By Andrew Ellsworth

The patient was young, healthy, and short of breath. She had not been sick recently, other than a minor cough. Her oxygen level was normal and her lungs sounded clear. Her heart rate was a little fast and she was breathing rather quickly, too. She was anxious about it, but she knew there was more to this than anxiety. Meanwhile, she was taking an antibiotic for bronchitis which did not seem to be helping. We did some additional tests, some blood work, to look for other possible causes. One test result gave us a big clue: her “d-dimer” was elevated. While not tied to a specific diagnosis, this gave us more reason to keep looking.  

We proceeded to get a CT pulmonary angiogram, a special scan of the chest, specifically looking at the vessels that run from the heart to the lungs, looking for a blood clot. Sure enough, that is what it was: a pulmonary embolism. The treatment was medication to help thin the blood, which helps the clot to gradually dissolve. She was relieved to know the cause of her symptoms and within days she was feeling better.   

Without treatment a pulmonary embolism, or blood clot in the lungs, can be fatal. Thus, early detection and treatment is key. Unfortunately, detecting it may be difficult, especially since the symptoms are often vague and common with numerous other illnesses. 

In addition to shortness of breath, coughing, wheezing, coughing up blood, or pain with breathing can be symptoms of a blood clot.  Another hallmark symptom of a blood clot may be calf pain or swelling. Unexplained swelling and pain of a limb may indicate a deep vein thrombosis (DVT), a blood clot in the leg or arm. Left untreated, a DVT can become larger and may break off and go through the heart to the lung vessels and cause a pulmonary embolism (PE).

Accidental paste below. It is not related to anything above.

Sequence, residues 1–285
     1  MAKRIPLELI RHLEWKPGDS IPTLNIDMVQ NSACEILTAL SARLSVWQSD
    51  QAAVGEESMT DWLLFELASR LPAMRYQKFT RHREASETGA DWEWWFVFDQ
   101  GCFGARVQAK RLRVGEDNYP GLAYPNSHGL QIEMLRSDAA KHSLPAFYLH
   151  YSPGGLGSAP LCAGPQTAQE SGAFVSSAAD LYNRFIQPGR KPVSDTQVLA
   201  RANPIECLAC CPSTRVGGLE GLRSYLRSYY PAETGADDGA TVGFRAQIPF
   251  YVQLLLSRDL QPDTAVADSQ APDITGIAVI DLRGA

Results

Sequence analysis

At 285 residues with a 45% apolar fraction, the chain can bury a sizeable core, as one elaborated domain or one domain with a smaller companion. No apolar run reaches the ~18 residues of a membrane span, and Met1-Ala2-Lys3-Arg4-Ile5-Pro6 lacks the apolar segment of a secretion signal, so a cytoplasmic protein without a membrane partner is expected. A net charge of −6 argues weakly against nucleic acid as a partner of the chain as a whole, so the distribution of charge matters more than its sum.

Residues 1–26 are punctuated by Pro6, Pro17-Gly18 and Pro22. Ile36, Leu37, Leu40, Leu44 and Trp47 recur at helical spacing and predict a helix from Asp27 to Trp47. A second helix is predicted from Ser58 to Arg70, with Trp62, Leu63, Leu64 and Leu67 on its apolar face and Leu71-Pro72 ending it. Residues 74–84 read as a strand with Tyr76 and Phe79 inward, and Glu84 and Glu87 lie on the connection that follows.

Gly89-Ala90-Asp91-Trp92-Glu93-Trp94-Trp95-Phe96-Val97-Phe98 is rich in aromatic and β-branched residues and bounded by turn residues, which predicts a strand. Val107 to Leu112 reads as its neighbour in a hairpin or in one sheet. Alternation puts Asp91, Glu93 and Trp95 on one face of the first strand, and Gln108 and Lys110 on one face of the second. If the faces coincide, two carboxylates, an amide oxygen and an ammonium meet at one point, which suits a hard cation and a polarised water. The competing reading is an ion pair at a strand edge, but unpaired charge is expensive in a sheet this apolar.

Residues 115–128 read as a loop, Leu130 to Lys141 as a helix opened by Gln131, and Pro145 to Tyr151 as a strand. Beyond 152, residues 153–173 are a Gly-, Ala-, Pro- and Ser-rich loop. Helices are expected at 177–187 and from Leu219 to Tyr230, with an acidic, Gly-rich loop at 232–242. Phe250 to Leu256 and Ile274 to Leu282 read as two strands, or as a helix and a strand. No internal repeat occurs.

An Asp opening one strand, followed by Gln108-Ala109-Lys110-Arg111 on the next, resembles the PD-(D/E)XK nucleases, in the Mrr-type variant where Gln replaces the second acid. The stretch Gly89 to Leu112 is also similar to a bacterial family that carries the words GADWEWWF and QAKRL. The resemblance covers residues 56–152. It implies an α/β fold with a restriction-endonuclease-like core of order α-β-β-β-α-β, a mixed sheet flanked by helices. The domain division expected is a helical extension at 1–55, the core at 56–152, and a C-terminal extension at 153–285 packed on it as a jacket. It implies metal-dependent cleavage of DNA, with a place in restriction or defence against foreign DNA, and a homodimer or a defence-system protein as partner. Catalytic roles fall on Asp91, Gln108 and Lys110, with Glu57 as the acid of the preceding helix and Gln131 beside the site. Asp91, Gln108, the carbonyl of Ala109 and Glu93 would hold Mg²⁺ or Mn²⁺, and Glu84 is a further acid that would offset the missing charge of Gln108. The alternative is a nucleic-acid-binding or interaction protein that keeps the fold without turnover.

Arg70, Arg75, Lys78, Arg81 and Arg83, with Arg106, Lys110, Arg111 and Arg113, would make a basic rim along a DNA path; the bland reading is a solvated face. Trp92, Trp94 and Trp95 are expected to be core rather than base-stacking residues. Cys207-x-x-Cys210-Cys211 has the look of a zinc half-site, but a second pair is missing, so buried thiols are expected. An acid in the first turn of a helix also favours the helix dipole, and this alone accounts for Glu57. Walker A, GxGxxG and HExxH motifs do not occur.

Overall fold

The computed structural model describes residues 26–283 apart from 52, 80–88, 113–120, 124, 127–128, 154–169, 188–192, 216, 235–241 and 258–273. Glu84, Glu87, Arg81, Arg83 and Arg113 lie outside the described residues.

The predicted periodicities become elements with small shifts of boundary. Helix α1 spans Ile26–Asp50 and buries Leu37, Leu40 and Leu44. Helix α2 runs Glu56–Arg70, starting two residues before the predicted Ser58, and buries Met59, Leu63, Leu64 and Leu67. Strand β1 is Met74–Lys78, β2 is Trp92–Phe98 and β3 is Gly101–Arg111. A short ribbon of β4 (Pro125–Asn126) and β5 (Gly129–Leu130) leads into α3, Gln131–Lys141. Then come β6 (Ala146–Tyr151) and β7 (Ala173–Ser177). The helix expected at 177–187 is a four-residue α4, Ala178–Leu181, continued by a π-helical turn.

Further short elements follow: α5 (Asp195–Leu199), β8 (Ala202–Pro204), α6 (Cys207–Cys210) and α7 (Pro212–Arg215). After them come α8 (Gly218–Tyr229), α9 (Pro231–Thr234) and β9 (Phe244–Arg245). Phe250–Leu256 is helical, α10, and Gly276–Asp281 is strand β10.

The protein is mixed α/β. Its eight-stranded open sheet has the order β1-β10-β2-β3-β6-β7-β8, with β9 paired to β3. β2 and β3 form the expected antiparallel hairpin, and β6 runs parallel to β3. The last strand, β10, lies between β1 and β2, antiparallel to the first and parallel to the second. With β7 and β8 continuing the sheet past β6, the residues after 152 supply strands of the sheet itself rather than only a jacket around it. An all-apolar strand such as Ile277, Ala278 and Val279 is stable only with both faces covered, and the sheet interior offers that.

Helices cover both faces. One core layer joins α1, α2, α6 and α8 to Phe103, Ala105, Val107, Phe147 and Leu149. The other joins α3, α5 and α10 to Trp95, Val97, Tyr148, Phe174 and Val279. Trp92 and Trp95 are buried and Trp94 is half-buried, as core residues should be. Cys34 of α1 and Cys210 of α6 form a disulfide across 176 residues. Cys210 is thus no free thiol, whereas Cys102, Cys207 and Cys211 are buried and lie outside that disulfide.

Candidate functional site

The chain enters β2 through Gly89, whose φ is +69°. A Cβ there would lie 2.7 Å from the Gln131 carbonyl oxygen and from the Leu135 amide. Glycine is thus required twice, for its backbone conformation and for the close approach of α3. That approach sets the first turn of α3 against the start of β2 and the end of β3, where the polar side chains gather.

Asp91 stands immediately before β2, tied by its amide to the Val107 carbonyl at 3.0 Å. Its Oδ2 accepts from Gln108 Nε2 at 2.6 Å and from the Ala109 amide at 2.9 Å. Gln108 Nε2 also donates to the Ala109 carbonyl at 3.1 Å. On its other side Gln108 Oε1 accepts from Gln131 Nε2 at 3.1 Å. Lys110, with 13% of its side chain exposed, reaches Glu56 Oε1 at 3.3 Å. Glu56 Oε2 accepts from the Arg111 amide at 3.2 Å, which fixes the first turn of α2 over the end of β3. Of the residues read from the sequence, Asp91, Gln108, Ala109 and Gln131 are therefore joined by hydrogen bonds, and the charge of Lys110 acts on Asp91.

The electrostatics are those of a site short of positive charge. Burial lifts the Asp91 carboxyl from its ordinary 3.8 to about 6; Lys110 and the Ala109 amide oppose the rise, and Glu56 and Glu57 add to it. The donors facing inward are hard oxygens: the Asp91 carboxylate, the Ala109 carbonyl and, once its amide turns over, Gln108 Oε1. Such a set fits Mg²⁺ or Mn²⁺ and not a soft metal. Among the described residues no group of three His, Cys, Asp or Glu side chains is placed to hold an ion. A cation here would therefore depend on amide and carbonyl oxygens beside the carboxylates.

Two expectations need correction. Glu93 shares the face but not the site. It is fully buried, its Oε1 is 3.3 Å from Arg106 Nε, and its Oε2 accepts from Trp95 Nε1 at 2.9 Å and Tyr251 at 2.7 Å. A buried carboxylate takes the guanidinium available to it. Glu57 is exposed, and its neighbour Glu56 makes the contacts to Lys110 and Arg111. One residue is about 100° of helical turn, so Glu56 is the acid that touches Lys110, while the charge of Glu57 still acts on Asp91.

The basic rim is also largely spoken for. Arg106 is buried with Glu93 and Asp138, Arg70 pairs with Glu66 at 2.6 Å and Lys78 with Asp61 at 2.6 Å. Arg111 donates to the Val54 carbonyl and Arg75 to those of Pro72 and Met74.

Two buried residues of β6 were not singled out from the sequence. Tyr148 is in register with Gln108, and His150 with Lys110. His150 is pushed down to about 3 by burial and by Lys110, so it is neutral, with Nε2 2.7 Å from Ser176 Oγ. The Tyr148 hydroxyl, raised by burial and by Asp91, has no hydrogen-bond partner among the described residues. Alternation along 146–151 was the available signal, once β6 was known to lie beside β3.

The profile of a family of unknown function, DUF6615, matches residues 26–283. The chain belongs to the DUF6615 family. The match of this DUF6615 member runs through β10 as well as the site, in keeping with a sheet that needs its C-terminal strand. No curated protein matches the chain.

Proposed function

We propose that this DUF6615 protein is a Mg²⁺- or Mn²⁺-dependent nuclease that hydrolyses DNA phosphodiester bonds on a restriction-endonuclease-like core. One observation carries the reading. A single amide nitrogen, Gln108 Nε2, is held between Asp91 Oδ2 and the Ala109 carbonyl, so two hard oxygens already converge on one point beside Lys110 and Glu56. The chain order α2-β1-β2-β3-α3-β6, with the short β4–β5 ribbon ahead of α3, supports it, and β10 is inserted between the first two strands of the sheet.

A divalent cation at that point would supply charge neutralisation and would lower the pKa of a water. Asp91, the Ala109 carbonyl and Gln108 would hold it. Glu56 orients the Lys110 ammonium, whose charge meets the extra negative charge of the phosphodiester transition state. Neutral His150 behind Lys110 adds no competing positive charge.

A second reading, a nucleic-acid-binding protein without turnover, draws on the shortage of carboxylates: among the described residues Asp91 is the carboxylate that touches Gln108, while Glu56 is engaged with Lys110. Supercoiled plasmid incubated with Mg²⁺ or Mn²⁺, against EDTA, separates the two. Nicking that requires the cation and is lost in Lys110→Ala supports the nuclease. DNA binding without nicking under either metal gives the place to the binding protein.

A person may be at increased risk of a clot due to a genetic condition, an illness, pregnancy, after surgery, after an injury, because of cancer, or because of medications such as birth control pills. Covid has been a more recent cause. Sometimes a clot happens for no apparent reason. Prolonged travel is also a reason, so on a long drive or flight, take time to stop and stretch your legs. Wearing high compression socks while traveling may also be helpful.  

Shortness of breath can be a symptom of numerous ailments, major or minor. No matter the reason, however, please consult your doctor if you are short of breath or have unexplained swelling of an arm or leg.  It could be a blood clot.  


(Andrew Ellsworth, M.D. is part of The Prairie Doc® team of physicians and currently practices family medicine in Brookings, South Dakota. Follow The Prairie Doc® at and on Facebook featuring On Call with the Prairie Doc® a medical Q&A show based on science, built on trust for 21 seasons, streaming live on Facebook most Thursdays at 7 p.m. central.)

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